It is widely recognised that human capital is associated with the value that people add to an organisation (Baron & Armstrong, 2007). Chatzkel (2004) strengthens the above statement by highlighting that human capital act as a differentiator and forms foundations for competitive advantage in organisations. Social capital relates to the system that allows employees to work effectively in order to achieve a common goal (Gittell and Vidal,1998). Grootaert and Van Bastealer (2002) expand on the definition by summarising the concept as ‘institutions, relationships, attitudes, and values that govern interactions amongst people and contribute to economic and social development’. Many authors embrace the theory that development of human and social capital is vital to survival and performance of any organisation (Kogut and Zander, 1996; Pfeffer, 1994). Developing human capital leads to understanding the key skills and knowledge sets needed for employees to perform within an organisation; developing social capital however enables HR to recognise the reasons behind good performance within teams, communication flow or career progression motivators.
There are other important people factors that should not be disregarded for the purpose of developing people strategy. The status of psychological contract should not be undermined; it is broadly defined as set of mutual expectations, needs and obligations arising from relationship between employee and employer (George, 2009). Other, simpler concepts such as recruitment and selection –recruitment referring to the process of sourcing best employee candidates for the organisation and selection being choosing the best out of the pool of those candidates (Khanka, 2007). Another issue, employee wellbeing, although there is no universal definition, it generally relates to mental and physical health and the feeling of happiness, security and comfort (Mitchell, 2018).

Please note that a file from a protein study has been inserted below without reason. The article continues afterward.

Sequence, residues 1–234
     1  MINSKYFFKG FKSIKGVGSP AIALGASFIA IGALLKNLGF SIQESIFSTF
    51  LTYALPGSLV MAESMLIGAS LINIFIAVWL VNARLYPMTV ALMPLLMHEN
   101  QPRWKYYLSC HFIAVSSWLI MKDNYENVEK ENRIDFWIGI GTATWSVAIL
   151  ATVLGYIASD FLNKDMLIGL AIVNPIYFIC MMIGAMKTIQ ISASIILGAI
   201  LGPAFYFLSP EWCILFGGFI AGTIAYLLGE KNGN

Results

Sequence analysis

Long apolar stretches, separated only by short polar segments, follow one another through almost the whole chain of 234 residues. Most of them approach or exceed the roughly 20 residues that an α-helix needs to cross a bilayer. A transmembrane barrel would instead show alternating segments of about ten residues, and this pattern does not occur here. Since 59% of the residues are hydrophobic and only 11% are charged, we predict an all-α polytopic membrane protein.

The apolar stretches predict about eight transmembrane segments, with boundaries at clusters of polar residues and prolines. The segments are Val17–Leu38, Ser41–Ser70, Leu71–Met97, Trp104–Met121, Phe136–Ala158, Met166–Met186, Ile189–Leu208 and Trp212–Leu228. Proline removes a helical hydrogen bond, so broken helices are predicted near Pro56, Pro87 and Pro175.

The role of HR differs between organisations and is subject to many continuous changes. This difference is usually dependant on the company’s culture and strategy as HR efforts need to be aligned well in order to work effectively. In literature we can find various models outlining HR function within a business. An early one, Legge’s innovator model, concentrates on the role of HR within change influencing, it distinguishes three levels of involvement –‘conformist innovator’ (improving organisation’s performance by suggesting changes in existing beliefs and assumptions), ‘deviant innovator’ (seeking radical changes within the fundamental methods of management) as well as ‘problem solver’ (utilising specialist expertise to tackle existing business issues) (Bailey et al, 2018). 1986’s Tyson and Fell’s model builds upon Legge’s by providing three roles of HR; ‘clerk of works’ which is mainly concerned with administrative work within HR, ‘contracts manager’ role focuses on providing expertise in systems and practices and finally ‘architect’ which encapsulates taking the lead in providing ideas and solutions whilst playing strategic role within that organisation (Saha & Rowley, 2015). A very influential model of HR role is presented by Storey (1992) where strategic versus tactical orientation exposing either high or low degree of discretion (Blyton and Turnbull, 2004). Storey’s model (graph 5.1.) is based on four roles of HR: changemakers (strategic role with high influence), advisors (strategic role with low influence), handmaidens (tactical role with low influence) and lastly, regulators (tactical with high influence). Kossek and Block (2000) argue that there are four roles HR can be grouped into: transactional, translational, transitional and transformational. The first two roles are focused on people and are short-term; transaction involves recruitment, dismissal or grievance processes, ensuring employees are paid and could be compared to Legge’s clerk of works. Translation encompasses communication as well as implementation of policies and procedures.